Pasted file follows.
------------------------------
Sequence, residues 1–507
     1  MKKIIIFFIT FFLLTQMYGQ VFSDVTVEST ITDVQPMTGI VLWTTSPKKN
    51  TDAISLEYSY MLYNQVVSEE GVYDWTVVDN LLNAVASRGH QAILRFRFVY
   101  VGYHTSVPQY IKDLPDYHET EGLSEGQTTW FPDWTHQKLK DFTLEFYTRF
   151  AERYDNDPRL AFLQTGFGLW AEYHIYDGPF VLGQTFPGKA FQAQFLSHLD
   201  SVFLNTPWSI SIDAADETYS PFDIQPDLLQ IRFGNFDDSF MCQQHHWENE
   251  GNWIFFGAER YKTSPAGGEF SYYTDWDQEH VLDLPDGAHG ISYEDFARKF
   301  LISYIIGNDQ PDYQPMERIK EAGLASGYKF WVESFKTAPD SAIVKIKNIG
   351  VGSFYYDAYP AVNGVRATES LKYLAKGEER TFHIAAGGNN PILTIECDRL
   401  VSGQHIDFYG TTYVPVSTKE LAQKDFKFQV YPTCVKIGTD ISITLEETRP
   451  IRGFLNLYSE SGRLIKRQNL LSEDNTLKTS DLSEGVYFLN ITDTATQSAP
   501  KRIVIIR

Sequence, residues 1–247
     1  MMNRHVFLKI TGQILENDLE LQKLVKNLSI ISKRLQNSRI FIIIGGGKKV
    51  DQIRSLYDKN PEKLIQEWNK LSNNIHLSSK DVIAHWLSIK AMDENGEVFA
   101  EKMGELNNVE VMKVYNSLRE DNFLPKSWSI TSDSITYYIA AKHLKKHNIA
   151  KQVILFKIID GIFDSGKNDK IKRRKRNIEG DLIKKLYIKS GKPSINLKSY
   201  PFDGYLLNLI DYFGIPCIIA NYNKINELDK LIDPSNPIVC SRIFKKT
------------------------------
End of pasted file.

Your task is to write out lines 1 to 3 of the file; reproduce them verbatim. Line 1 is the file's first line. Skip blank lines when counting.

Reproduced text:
Sequence, residues 1–507
     1  MKKIIIFFIT FFLLTQMYGQ VFSDVTVEST ITDVQPMTGI VLWTTSPKKN
    51  TDAISLEYSY MLYNQVVSEE GVYDWTVVDN LLNAVASRGH QAILRFRFVY